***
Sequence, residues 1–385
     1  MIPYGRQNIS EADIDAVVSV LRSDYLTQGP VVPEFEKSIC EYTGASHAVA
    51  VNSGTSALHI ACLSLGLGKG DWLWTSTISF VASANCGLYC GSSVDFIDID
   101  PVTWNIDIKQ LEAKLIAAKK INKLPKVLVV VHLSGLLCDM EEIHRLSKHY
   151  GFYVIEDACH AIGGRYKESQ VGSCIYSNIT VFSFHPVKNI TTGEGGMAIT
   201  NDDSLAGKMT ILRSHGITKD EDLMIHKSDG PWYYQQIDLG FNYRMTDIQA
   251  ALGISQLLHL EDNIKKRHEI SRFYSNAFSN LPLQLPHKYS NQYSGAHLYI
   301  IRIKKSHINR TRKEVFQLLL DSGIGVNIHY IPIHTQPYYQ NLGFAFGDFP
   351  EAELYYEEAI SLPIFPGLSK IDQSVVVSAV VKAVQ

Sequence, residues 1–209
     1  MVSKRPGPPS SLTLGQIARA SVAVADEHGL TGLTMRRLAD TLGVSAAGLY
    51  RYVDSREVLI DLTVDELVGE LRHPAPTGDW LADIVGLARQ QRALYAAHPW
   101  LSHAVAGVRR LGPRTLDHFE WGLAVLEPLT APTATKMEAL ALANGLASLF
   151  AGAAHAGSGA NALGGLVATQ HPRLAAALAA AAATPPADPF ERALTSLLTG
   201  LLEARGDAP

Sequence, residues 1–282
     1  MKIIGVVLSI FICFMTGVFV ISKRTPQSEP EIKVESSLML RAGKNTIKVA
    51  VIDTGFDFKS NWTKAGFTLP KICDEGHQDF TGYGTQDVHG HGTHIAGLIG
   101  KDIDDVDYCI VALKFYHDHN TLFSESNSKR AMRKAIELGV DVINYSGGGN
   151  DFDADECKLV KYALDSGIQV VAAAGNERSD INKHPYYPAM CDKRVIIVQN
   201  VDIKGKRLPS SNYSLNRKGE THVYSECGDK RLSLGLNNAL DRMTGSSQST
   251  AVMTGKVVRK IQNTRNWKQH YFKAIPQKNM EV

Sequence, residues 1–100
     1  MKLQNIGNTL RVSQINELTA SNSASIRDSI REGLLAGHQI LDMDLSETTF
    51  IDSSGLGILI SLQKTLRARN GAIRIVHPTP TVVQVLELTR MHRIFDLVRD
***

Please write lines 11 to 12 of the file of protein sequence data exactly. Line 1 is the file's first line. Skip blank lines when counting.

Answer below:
     1  MVSKRPGPPS SLTLGQIARA SVAVADEHGL TGLTMRRLAD TLGVSAAGLY
    51  RYVDSREVLI DLTVDELVGE LRHPAPTGDW LADIVGLARQ QRALYAAHPW